We met up with the Heliteam at Paphos airport and, after the usual paperwork and showing of passports, we drove out to the airport apron where we were introduced to our pilot. Robert Steiner is a big handsome bear of a man who has probably accomplished more lift off and landings than most civil aviation pilots. He was initially trained on commercial passenger jets before moving over to helicopters and these have been his love for the past 23 years. Robert then with consummate ease lifted Chris into the helicopter as if he was a piece of delicate porcelain. We belted up, headphones were clamped around our heads and off we went. The other great thing about helicopters is the ‘instant gratification thing’. One arrives, luggage is quickly loaded into the storage compartment, you get in, fasten your belts, and after about five minutes whil the rotors get on turning and the control tower gives you the off, that’s it; no need for taxiing around the runway, no interminable waiting for a take off slot. This is flying as it should be. OK there are no in-flight drinks, nosh, or movies, but who the hell needs these unnecessary distractions when you have such a vista in three dimensions, with the clearest and most superb views of the island laid out all around you.
Robert handles his craft superbly well, not once did we feel anything other than a smooth ride, with the added bonus being the diminished sound level -- this EC Colibri 120 was definitely no clattering egg beater, having been designed to be environmentally ‘soundproofed’ with a newly designed low noise fenstrom (tail rotor).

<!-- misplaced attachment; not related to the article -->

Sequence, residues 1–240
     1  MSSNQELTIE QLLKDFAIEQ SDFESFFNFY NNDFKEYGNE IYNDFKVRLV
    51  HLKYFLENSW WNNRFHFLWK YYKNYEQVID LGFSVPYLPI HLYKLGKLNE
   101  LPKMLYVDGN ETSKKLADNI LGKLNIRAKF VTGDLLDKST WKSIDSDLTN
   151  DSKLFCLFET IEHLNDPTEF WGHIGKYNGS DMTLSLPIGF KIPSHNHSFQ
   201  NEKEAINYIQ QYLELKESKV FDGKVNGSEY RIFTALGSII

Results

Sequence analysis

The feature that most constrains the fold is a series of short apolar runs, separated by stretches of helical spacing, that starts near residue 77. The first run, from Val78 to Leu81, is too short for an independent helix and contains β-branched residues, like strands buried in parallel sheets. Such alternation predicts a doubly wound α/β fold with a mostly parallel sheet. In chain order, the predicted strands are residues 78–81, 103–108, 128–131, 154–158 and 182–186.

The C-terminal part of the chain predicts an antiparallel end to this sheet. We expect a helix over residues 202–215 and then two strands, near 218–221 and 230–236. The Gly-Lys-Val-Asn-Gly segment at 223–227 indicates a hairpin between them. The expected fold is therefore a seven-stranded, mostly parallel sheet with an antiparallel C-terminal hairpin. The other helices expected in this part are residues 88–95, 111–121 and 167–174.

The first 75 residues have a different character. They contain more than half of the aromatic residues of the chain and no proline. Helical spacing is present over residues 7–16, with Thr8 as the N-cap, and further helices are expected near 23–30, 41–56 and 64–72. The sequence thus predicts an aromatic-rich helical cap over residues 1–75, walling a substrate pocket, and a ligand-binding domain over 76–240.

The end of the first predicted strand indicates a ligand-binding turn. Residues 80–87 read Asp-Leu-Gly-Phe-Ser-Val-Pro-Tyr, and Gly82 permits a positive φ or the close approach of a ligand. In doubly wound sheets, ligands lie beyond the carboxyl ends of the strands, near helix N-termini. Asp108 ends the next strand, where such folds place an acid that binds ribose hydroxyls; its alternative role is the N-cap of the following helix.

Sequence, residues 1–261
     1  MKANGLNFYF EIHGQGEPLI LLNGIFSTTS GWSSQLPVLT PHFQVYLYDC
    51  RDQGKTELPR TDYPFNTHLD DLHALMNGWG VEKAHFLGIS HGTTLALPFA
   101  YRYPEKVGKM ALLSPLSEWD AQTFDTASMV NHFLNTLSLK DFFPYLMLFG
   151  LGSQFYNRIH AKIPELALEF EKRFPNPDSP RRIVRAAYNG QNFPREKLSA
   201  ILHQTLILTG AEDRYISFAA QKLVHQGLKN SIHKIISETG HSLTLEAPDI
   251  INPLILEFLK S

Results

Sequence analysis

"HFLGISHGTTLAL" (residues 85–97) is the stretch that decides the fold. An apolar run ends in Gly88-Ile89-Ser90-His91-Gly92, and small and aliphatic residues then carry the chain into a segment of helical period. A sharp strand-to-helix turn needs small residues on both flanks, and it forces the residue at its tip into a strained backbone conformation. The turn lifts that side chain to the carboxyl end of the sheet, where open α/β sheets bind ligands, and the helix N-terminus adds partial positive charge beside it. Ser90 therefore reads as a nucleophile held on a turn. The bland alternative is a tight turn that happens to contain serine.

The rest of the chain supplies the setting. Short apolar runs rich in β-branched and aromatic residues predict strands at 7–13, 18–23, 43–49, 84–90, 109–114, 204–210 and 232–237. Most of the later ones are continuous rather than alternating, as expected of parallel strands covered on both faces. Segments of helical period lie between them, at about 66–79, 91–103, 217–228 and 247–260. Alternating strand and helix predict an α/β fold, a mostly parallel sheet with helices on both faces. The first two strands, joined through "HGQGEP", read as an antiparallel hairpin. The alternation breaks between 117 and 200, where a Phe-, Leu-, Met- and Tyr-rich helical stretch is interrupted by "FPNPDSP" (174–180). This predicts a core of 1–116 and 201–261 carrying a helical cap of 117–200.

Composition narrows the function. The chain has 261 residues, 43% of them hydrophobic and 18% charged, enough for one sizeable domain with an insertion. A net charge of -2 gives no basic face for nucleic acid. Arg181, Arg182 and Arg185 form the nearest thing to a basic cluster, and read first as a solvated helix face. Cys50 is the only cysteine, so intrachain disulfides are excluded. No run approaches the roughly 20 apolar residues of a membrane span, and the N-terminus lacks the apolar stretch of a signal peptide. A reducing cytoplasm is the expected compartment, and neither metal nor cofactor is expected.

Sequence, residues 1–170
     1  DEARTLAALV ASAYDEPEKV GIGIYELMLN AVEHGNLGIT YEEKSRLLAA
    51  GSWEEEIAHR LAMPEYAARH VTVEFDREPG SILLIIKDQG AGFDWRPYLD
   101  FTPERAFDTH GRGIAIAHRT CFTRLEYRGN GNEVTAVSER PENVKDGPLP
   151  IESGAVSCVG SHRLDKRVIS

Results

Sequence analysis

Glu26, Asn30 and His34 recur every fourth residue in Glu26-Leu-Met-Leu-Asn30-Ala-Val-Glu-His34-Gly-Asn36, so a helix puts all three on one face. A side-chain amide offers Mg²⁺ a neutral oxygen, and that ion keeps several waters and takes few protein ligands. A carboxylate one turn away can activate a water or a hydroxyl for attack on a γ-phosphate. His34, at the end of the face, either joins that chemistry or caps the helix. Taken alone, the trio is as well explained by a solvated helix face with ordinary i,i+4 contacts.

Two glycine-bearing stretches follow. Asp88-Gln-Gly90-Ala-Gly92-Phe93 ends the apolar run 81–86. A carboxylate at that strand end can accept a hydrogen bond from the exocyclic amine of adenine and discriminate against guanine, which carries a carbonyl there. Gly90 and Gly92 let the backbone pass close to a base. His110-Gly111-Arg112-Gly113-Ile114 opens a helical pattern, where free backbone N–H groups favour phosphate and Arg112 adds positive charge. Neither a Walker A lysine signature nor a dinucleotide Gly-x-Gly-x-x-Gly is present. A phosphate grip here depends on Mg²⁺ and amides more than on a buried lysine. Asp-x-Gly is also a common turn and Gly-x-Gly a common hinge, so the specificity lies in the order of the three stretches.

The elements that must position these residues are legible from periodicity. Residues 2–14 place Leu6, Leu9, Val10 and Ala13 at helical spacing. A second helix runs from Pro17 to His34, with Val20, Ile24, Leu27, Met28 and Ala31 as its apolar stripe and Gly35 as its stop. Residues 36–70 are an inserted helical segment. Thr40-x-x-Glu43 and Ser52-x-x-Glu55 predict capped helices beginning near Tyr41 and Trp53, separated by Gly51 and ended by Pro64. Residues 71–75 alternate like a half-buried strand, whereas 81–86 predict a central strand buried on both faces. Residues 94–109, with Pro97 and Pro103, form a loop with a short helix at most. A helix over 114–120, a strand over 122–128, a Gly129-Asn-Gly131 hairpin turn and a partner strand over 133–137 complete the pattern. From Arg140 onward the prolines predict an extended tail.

This quite beautiful ‘bird’ has an average cruising speed of 195km per hour and a range of 675 km, depending upon prevailing winds and the payload for the flight.
After our short but super trip around the coastline, I asked Wolfgang what type of customers he has had to date for this luxury service. “We have had golfers who want to eliminate the stress of driving to the gold courses, holiday makers keen to see the island from the air -- that’s why we do short tour trips for visitor. We also take guests from Larnaca airport and from Paphos to their hotels or villas, then there are small groups who want to be airlifted to certain spots, such as archaeologists, bird watchers, divers, film makers, TV crews, and of course, we have a service for people in a hurry to get to the other side of the island. We will soon be arranging flights to Egypt and Rhodes with a much bigger helicopter.”
Wolfgang went on to reassure me, after I asked, that if Heliteam were the first helicopter company to start up in Cyprus, where then did they recruit experienced mechanics from? “The helicopter is inspected every 100 hours of flying time, and we fly in our own specially-trained mechanics from Austria every few weeks to give a complete service. Our pilots are also very much at one with their helicopters and because the flying of them is such an intimate experience in that they feel everything the craft is doing, they also have the experience to note every slight change or subtlety that is taking place.”
With many millions of euros having been invested in such sophisticated machinery and man power, Heliteam are confident that their highly professional venture will indeed take off, and, who knows, we can then be confident in the knowledge that it could well be Posh and Becks hovering above us in the big yellow and blue bird enroute to the Anassa Hotel for their bucket and spade holiday. All I can say is this particular business has been a long time coming to the island and, even if the price is not within everyone’s pocket, it’s somehow good to know that when a bout of ‘island fever’ strikes and you feel the deep need to just get off and up and away for a time, then it’s just got to be this helicopter that takes you –it’s the best!
Wolfgang Leeb, Cyprus Helicopter Tours, Tel:99 764 270, www.heliteam.at
Prices start at £65 per person (children up to five years old free of any charge, children from six to 12 pay half price)